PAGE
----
This image describes the combination of swells directed at Mother Ivey s Spot M through a typical northern hemisphere autumn and is based upon 5144 NWW3 model predictions since 2006 (values every 3 hours). The wave model does not forecast surf and wind right at the coastline so we have chosen the best grid node based on what we know about Mother Ivey s Spot M, and at Mother Ivey s Spot M the best grid node is 35 km away (22 miles).
The rose diagram shows the distribution of swell sizes and swell direction, while the graph at the bottom shows the same thing but lacks direction information. Five colours illustrate increasing wave sizes. Blue shows the smallest swells, less that 0.5m (1.5 feet) high. These happened only 11% of the time. Green and yellow illustrate increasing swell sizes and red shows the highest swells, greater than >3m (>10ft). In either graph, the area of any colour is proportional to how often that size swell was forecast.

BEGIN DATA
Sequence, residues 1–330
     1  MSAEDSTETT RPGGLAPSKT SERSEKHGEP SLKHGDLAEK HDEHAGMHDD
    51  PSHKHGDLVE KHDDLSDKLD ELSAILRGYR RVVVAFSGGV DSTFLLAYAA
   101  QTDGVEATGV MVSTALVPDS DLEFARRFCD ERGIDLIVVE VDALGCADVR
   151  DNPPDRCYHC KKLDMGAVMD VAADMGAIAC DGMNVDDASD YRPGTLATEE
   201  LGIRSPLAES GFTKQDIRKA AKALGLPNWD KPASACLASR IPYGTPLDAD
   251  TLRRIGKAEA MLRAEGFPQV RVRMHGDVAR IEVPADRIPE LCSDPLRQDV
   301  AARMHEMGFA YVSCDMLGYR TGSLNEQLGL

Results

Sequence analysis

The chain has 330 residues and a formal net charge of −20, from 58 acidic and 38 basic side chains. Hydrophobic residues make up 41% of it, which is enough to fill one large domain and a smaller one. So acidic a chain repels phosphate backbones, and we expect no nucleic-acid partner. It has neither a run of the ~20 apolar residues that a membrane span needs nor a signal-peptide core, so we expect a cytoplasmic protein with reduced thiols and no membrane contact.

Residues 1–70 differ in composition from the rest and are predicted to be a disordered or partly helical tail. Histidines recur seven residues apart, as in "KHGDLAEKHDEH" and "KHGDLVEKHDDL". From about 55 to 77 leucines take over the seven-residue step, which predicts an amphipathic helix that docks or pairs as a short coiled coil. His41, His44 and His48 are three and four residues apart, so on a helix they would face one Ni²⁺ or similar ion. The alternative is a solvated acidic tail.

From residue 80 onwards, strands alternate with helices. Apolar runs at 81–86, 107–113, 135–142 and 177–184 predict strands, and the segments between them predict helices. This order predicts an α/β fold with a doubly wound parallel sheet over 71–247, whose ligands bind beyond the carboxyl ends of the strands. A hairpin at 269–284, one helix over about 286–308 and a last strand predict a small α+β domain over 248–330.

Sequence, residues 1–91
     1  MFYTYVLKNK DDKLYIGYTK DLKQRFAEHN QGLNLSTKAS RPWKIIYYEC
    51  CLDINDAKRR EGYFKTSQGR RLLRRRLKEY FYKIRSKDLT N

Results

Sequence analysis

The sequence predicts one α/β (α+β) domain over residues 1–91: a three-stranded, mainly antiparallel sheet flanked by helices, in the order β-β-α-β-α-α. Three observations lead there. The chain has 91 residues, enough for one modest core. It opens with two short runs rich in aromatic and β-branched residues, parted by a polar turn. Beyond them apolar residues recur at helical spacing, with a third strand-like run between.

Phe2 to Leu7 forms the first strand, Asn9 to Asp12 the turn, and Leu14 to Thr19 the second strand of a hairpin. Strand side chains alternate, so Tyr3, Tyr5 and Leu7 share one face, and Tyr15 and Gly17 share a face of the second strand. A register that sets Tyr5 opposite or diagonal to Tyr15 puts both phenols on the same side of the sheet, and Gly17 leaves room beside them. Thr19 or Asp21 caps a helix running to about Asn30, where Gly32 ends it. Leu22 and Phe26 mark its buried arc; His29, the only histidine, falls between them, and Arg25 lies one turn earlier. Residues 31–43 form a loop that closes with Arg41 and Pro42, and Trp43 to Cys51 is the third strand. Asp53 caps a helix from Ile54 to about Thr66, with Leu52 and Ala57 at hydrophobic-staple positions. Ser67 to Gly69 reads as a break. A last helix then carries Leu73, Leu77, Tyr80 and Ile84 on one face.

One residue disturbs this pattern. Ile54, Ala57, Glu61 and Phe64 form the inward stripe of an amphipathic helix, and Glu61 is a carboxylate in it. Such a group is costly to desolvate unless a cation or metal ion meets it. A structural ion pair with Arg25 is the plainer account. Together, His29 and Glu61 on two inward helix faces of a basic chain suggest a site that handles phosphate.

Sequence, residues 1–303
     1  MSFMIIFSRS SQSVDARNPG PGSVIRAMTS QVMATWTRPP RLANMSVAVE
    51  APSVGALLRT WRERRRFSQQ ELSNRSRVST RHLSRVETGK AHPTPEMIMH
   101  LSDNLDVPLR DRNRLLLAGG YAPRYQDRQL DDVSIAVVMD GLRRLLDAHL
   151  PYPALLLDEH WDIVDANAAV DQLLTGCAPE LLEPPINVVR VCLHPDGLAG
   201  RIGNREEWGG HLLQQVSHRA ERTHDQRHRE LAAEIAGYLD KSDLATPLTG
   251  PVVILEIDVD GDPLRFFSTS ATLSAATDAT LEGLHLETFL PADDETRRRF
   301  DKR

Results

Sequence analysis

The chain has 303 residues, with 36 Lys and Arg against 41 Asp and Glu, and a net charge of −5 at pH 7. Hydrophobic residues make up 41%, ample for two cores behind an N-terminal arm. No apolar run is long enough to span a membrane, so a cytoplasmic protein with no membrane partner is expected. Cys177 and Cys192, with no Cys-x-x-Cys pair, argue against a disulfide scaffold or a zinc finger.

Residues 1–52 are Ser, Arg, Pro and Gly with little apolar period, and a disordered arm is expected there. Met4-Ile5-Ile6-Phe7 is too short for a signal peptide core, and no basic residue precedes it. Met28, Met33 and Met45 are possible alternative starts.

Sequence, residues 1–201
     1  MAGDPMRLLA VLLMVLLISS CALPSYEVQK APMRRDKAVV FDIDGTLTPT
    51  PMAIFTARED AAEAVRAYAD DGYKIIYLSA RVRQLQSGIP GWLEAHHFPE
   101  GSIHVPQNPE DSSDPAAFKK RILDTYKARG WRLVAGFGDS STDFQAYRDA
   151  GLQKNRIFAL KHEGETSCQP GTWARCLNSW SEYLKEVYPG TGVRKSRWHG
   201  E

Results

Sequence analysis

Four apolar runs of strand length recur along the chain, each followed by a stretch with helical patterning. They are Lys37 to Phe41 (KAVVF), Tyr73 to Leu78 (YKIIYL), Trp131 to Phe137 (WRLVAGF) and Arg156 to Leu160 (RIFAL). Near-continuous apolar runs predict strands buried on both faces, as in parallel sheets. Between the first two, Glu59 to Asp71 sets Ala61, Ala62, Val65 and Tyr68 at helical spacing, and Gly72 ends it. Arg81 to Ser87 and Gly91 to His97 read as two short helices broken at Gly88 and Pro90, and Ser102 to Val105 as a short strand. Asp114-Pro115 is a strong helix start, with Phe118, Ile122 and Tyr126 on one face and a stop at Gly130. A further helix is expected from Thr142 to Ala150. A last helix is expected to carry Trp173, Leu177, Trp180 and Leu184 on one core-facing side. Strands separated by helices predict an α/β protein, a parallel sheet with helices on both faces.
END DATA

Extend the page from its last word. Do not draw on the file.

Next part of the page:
The diagram indicates that the most common swell direction, shown by the longest spokes, was W, whereas the the dominant wind blows from the WSW. Because the wave model grid is away from the coast, sometimes a strong offshore wind blows largest waves away from Mother Ivey s Spot M and out to sea. We combine these with the no surf category of the bar chart. To avoid confusion we don't show these in the rose diagram. Because wind determines whether or not waves are surfable at Mother Ivey s Spot M, you can select a similar diagram that shows only the swells that were expected to coincide with glassy or offshore wind conditions. Over an average northern hemisphere autumn, swells large enough to cause good for surfing waves at Mother Ivey s Spot M run for about 40% of the time.
IMPORTANT: Beta version feature! Swell heights are open water values from NWW3. There is no attempt to model near-shore effects. Coastal wave heights will generally be less, especially if the break does not have unobstructed exposure to the open ocean.